7 Steps for Making Your Website GDPR Compliant

Author: Guest Author
Guest Author August 30, 2022
7 Steps for Making Your Website GDPR Compliant

The website of a company or organization is analogous to a book's jacket. First and foremost, customers look for a company's homepage, which, like the cover of a book, must be captivating to encourage further reading.

Many businesses realize the importance of attracting and keeping the attention of online visitors, and thus they allocate significant resources to developing aesthetically pleasing, functional websites.

Security is sometimes disregarded in the pursuit of creating a fantastic website, especially when it comes to meeting emerging privacy, consent, and transparency regulations.

To what extent does your webpage meet the requirements of the General Data Protection Regulation? Use these 7 Steps for making your Website GDPR Compliant

what is gdpr

What is GDPR?

The General Data Protection Regulation (GDPR), the EU data protection directive, is intended to safeguard personal information and prevent privacy abuses against residents of the European Union.

The new rule mandates that businesses be open and honest with EU residents about the data they gather and maintain about them. Individuals of the European Union also have the option to have their personal information deleted from corporate databases.

The GDPR Impact on Your Website's Plans and Functionality 

Due to the far-reaching effects of the General Data Protection Regulation (GDPR) on website regulations, you can expect to see changes in how your website interacts with other digital marketing and sales forms.

The common denominator among these suggestions is that organizations like ours must offer greater openness in light of the GDPR's strengthening of the idea of permission being provided freely, specifically, and enlightened with new restrictions.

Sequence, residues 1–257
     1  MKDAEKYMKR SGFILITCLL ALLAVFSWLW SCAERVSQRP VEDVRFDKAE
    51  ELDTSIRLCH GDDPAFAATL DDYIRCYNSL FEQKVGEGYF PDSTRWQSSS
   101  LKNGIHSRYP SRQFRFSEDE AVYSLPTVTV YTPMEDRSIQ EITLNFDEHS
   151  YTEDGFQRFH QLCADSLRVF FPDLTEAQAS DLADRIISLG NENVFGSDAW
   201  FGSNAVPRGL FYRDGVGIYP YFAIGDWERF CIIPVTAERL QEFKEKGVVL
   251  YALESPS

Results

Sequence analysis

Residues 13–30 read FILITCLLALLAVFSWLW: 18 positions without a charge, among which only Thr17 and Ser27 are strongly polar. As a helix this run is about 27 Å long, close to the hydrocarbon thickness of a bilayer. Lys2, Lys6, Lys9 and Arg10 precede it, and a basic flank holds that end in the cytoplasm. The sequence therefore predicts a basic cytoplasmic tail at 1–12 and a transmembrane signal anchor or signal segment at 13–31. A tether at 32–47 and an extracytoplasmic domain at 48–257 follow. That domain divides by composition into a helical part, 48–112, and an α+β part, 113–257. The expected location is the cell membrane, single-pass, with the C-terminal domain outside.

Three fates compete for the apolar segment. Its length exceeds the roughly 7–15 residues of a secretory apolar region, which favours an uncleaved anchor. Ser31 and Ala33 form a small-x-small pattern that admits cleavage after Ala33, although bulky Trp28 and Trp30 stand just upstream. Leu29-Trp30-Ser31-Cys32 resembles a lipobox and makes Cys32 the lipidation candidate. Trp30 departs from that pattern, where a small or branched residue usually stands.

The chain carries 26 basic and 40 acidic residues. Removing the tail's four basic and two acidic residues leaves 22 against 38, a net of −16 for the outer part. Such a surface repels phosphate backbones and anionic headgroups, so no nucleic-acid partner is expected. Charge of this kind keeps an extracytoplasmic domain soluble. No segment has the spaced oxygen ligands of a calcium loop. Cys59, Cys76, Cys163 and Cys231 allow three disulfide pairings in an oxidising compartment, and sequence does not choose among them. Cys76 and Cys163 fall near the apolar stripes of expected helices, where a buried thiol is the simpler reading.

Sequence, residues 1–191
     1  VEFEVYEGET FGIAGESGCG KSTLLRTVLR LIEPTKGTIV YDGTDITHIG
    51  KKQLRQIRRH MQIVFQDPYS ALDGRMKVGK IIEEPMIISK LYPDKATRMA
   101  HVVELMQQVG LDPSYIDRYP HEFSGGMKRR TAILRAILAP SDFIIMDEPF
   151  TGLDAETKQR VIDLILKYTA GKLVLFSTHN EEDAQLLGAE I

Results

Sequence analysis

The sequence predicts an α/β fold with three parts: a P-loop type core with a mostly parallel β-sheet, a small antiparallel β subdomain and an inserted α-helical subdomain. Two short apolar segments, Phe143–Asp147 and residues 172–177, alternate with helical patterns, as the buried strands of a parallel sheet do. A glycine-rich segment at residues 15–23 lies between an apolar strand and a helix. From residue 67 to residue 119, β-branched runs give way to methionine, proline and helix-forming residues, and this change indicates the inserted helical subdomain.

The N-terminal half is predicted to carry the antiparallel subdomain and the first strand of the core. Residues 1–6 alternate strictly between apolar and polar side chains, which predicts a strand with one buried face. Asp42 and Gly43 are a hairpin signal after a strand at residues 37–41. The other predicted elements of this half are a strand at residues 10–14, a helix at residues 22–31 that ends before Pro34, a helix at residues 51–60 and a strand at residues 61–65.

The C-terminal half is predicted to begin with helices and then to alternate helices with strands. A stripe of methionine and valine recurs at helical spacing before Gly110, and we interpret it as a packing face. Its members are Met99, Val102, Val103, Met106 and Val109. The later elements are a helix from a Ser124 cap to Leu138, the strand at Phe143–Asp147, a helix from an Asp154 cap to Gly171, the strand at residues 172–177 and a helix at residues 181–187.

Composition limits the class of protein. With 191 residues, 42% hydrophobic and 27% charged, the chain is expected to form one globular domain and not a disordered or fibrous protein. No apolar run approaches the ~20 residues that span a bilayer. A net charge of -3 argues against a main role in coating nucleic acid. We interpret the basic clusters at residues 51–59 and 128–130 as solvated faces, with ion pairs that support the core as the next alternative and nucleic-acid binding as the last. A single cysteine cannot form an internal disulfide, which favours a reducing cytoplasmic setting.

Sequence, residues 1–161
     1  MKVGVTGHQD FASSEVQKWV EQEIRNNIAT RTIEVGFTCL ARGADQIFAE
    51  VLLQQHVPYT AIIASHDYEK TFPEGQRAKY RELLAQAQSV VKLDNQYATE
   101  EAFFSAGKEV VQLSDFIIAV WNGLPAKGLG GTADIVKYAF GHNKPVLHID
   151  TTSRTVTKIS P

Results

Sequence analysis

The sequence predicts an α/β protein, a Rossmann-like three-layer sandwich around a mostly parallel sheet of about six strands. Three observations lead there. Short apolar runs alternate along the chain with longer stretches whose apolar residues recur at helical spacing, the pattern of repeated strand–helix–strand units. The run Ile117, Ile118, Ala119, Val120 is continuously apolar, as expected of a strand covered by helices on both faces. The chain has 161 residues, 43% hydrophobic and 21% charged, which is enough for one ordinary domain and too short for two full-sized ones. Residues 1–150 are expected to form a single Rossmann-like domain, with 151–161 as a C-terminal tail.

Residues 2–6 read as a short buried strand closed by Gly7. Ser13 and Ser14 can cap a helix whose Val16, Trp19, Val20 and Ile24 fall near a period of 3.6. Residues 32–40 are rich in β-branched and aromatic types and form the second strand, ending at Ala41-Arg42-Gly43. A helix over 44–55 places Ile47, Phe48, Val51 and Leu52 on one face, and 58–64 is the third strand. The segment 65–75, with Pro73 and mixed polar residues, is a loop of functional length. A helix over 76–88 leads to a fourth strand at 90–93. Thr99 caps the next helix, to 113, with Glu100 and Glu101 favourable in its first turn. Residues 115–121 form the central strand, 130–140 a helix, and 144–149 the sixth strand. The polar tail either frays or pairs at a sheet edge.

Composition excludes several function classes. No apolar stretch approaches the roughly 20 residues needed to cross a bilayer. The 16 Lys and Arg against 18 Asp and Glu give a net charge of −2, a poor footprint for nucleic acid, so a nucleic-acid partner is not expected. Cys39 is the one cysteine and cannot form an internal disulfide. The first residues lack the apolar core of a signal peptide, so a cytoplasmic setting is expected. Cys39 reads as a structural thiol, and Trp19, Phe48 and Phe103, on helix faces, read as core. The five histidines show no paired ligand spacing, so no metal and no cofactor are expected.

GDPR Lays Down Three Important Rules in Regard to Privacy 

  • Before using visitors' or customers' data, businesses must consent from such individuals.
  • People can restrict access to their personal information at any time.
  • Individuals can choose not to make their private details public at any time.

The Digital Age of Consent and GDPR

Before an information subject's information can be handled, the data subject must provide the data processors with verifiable permission. Data collection and usage are restricted to the stated objectives for which permission was granted.

For example, if a user submits a form on your website inquiring about a certain topic, you should not automatically add them to the email campaigns database.

The data of minors cannot be utilized without the verifiable agreement of their parents or guardians. A data subject should be allowed to revoke consent at any moment.

Potential Information You Might Be Gathering on Your Website

Data, including cookies and IP addresses, could be collected about your website's visitors without your knowledge.

Despite this, there will be information you already know, such as responses to contact forms, email list subscriptions, and online store purchases.

That makes it reasonable, but what does it imply in the application? We'll get into the specifics shortly, but for now, consider how your organization collects personally identifiable information (also known as "PII") via your website.

Details include names, email addresses, phone numbers, IP addresses, etc. Clear and open communication about what's happening behind the scenes is essential when users interact with your website.

Providing granular permission choices necessitates transparency about the data being collected. Individuals should be able to see the data you have collected, and you should be able to delete their records at their request.

Oh, Wait: GDPR isn't the Same as CCPA (If You're Confused)

As of Can 25, 2018, a completely new framework for collecting, storing, and using personal data from European Union (EU) residents was in place thanks to the Global Data Protection Regulation (GDPR).

Then at the start of 2021, a new set of restrictions came into effect. The California Consumer Privacy Act (CCPA). They do sound similar, we admit. That's why website users are always confused. But not anymore in this CCPA vs GDPR showdown guide!

In contrast to the General Data Protection Regulation (GDPR), which affords safeguards to all "data subjects" (the recognizable individuals whose personal data is being processed), the California Consumer Privacy Act (CCPA) only affords safety to individuals who are physically present in the state of California.

7 Steps to Make Your Website GDPR Compliant 

Below, you will find the famous 7 Steps for making your website GDPR compliant. Let’s go through them in detail:

  • Step 1: Make Your Website's Privacy Policy Better

Don't hide anything about how you gather, store, or distribute information. A thorough privacy policy outlining how information is collected and how it will be used and shared should be included on your site. The following are the barest minimums for what should be included in a comprehensive privacy policy: